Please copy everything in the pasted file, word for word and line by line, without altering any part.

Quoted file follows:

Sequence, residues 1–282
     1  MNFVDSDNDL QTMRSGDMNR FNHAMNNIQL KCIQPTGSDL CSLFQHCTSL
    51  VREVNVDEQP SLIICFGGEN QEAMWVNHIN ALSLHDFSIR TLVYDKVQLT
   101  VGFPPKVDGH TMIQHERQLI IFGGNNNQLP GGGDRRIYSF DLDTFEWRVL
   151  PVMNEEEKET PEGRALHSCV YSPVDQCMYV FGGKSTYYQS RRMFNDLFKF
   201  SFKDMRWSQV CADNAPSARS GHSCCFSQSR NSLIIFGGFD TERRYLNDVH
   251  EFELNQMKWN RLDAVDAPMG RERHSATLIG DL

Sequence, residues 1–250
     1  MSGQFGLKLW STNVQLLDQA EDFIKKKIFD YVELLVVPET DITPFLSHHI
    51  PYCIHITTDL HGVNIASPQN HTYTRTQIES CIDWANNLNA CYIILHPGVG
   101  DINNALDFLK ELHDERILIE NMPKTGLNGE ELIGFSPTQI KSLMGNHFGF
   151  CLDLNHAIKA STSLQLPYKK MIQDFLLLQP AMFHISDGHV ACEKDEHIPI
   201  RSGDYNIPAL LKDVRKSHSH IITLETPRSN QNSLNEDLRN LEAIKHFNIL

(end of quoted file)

Sequence, residues 1–282
     1  MNFVDSDNDL QTMRSGDMNR FNHAMNNIQL KCIQPTGSDL CSLFQHCTSL
    51  VREVNVDEQP SLIICFGGEN QEAMWVNHIN ALSLHDFSIR TLVYDKVQLT
   101  VGFPPKVDGH TMIQHERQLI IFGGNNNQLP GGGDRRIYSF DLDTFEWRVL
   151  PVMNEEEKET PEGRALHSCV YSPVDQCMYV FGGKSTYYQS RRMFNDLFKF
   201  SFKDMRWSQV CADNAPSARS GHSCCFSQSR NSLIIFGGFD TERRYLNDVH
   251  EFELNQMKWN RLDAVDAPMG RERHSATLIG DL

Sequence, residues 1–250
     1  MSGQFGLKLW STNVQLLDQA EDFIKKKIFD YVELLVVPET DITPFLSHHI
    51  PYCIHITTDL HGVNIASPQN HTYTRTQIES CIDWANNLNA CYIILHPGVG
   101  DINNALDFLK ELHDERILIE NMPKTGLNGE ELIGFSPTQI KSLMGNHFGF
   151  CLDLNHAIKA STSLQLPYKK MIQDFLLLQP AMFHISDGHV ACEKDEHIPI
   201  RSGDYNIPAL LKDVRKSHSH IITLETPRSN QNSLNEDLRN LEAIKHFNIL